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December 23rd, 2020


It’s a bit funny to think that the “weekend” was invented.  Animals don’t have weekends, but apparently even God rested on the 7th day.  This was only after days were invented, of course, and more importantly, the project of creation was finished.  It’s a bit funny to wonder if creation ever would have been finished if that fanciful diet took his day off on a Wednesday instead.  Point being: it can be far easier to simply continue when you’re on a roll instead of taking a break.  For many the weekend is this paradisal reprieve that people can’t wait for, and then collapse into.


A worthy exercise is to wipe the schedule of civilization from your mind and ponder about whether there’s a more personal rhythm that might be more comfortable.  Aside from the circadian rhythm that we all have baked into our hardware to one degree or another, there likely isn’t any rhythm aside from project rhythm.  God’s project was creation and he didn’t take a break until it was done.  Likewise we have a cultural imagination abundant in images of the writer or artist or coder who toils away feverishly on marathon stretches of project creation. 


Unfortunately, the systems upon which civilization depends on still require a vast mechanical cooperation among many people.  In theory, anything that happens with any kind of regularity can be automated - that is a tremendous project, of which we do seem to be chipping away at, but who knows how long it’ll take and if we’ll ever get there.  Those people bound up in the schedule of civilization’s mechanics don’t get to explore the timing and rhythm of a project, something that like a book, story or movie has a beginning, a tumult of conflict, confusion, and then finally, resolution.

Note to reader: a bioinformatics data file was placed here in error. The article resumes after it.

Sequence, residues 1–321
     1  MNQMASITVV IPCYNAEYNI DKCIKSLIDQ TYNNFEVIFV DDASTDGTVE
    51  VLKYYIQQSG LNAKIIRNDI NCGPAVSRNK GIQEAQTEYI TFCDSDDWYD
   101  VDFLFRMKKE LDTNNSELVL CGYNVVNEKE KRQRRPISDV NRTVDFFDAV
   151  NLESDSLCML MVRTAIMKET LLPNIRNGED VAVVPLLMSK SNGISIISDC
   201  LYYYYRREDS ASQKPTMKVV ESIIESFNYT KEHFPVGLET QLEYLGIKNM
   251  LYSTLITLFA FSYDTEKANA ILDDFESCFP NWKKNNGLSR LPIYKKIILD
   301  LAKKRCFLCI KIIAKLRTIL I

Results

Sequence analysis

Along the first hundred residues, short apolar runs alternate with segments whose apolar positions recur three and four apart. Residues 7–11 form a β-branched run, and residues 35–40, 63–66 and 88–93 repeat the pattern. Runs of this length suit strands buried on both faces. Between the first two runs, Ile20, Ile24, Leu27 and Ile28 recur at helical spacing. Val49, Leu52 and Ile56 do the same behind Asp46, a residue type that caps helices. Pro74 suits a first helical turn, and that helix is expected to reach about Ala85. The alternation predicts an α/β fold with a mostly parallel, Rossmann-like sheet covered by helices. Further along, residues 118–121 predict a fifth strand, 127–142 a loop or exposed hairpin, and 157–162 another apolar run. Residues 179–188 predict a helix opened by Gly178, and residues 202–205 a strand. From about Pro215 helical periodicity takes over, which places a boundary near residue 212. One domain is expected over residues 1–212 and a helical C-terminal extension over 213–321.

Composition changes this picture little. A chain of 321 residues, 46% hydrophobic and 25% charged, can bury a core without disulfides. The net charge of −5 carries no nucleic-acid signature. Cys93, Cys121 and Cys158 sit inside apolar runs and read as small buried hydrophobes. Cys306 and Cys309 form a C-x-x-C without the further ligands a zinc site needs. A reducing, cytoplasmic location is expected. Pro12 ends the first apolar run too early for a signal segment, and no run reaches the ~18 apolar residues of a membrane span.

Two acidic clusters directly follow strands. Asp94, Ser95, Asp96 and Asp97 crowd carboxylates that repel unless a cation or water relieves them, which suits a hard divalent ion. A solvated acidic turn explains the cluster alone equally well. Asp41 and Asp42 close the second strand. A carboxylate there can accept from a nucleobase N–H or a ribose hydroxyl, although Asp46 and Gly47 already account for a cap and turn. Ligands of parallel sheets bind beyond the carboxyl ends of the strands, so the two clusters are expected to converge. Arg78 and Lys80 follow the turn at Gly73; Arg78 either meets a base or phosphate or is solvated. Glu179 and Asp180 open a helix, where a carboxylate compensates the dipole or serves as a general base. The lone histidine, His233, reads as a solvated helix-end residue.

One of the great things about project rhythm that is absent from most 9-5 jobs is the inherent momentum that exists with a project.  A worthy project is often difficult to take a break from, and symmetrically for the worse, if a reprieve does come about, it can be hard to restart as the enormity of the task becomes apparent with a few steps back.  In this sense it’s like the dreaded Monday workday, but for a good project, the weekend can seem arbitrary, even like an unwelcome obstacle to be avoided.


The rhythm of a project is non existent compared to the regular workweek.  The rhythm of a project resolves to a single tone of being incomplete, a perpetual annoyance that converts into a satisfying sense of achievement as effort is poured into the aim.

Check out the Tinkered Thinking   Reading List

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Podcast Ep. 983: Project Rhythm

Tinkered Thinking

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